To study the transfer of phagocytosed components from phagosomes to lysosomes, we have investigated phagocytosis by rat liver of killed Staphylococcus aureus labelled with I tyramine cellobiose. Lysosomes were identified by injecting the animals with Triton WR1339, a non ionic detergent that is endocytosed by the liver and accumulates in lysosomes, causing a marked decrease of their density; that allows these organelles to be well separated from other particles in a density gradient. Bacteria were quickly taken up by the liver; their uptake is followed by a slow degradation as ascertained by the increase of acid-soluble radioactivity in the homogenates with time. Triton WR1339 injection does not affect the uptake and the degradation of the particles. Differential centrifugation of homogenates shows that at any time after injection, most of the radioactivity is recovered in the mitochondrial fractions. Distributions of acid precipitable and acid soluble radioactivities amongst subcellular structures present in mitochondrial fractions were studied by isopycnic centrifugation in sucrose gradients, at increasing times after bacteria injection. Results show that: 1) acid-precipitable radioactivity is quasi exclusively present in gradient fractions of high density, well separated from the fractions where there are recovered lysosomes; 2) with time, acid-soluble radioactivity is more and more associated with lysosomes, however, a significant proportion can be detected for many hours after injection, in gradient fractions where acid-precipitable radioactivity is located. The most plausible explanation of our observations is that phagocytosed particles are degraded in phagosomes and that the degradation products are delivered to lysosomes, probably by a vesicular process.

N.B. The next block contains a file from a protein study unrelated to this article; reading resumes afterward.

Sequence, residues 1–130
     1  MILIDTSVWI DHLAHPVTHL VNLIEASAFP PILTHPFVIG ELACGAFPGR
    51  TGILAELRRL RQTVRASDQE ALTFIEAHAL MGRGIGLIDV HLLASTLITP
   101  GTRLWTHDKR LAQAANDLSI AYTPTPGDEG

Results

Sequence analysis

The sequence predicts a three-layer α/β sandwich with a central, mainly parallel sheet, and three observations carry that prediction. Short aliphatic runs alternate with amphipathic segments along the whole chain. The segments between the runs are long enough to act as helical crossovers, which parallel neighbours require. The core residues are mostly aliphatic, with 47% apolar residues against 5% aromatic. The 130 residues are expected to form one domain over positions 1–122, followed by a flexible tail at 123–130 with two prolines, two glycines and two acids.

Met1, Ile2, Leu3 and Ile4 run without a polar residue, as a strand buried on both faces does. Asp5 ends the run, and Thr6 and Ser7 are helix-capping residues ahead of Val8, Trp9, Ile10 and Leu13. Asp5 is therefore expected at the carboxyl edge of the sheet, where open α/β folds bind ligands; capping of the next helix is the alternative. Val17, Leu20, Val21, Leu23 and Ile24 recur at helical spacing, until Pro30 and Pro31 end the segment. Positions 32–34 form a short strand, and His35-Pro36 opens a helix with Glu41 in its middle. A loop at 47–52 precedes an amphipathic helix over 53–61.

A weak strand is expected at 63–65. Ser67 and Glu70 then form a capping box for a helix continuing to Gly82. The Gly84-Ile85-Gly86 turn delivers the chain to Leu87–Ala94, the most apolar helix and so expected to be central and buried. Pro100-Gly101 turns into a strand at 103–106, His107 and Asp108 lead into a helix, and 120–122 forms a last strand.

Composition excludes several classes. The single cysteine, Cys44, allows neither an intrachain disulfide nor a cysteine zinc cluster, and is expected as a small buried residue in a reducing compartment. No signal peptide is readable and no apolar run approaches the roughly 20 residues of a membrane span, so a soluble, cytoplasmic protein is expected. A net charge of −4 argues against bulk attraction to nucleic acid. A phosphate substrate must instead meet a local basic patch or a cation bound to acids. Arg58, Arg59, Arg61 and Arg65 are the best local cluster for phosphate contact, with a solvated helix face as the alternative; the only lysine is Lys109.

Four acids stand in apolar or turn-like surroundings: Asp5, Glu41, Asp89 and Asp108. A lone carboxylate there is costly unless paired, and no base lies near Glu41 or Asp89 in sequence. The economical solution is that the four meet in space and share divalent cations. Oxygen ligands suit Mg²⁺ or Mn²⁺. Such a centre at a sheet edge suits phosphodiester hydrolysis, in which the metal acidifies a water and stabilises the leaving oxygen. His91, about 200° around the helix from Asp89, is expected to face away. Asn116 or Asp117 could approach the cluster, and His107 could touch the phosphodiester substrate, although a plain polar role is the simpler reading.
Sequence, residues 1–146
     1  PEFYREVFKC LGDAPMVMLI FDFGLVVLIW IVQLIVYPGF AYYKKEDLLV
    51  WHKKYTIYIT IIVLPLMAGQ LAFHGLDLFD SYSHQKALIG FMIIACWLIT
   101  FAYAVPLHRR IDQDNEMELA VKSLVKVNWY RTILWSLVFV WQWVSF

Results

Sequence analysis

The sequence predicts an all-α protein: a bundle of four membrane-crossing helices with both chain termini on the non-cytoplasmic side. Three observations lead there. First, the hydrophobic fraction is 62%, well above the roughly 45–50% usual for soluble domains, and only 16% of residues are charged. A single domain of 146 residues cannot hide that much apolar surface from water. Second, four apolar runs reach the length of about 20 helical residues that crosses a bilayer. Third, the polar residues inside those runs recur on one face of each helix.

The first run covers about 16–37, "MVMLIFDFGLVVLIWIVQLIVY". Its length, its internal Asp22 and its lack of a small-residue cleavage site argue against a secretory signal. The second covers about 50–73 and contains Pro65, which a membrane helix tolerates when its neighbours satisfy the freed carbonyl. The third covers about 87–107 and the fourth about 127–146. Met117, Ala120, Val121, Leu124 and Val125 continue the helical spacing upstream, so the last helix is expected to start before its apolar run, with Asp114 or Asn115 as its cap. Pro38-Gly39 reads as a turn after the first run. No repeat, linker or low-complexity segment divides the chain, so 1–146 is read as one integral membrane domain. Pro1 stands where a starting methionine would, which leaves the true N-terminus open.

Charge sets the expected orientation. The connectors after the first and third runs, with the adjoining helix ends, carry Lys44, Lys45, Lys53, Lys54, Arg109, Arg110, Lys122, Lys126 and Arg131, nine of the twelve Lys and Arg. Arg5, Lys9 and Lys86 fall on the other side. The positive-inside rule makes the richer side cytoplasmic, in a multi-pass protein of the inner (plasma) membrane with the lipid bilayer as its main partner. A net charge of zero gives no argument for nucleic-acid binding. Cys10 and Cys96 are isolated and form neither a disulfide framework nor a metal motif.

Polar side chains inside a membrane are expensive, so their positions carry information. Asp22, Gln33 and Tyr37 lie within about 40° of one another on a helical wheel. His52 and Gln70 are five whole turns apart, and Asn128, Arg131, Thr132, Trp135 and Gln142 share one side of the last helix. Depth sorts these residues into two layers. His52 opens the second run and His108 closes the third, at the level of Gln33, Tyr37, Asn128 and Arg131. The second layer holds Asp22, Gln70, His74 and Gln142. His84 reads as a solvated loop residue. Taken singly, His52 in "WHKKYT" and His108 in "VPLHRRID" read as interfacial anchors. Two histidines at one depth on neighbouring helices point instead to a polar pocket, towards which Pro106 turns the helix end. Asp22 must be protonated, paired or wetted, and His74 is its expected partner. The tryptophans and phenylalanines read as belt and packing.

|Pages (de - à)||569-574|
|Nombre de pages||6|
|journal||Biochemical and Biophysical Research Communications|
|Numéro de publication||3|
|Etat de la publication||Publié - 27 mars 1996|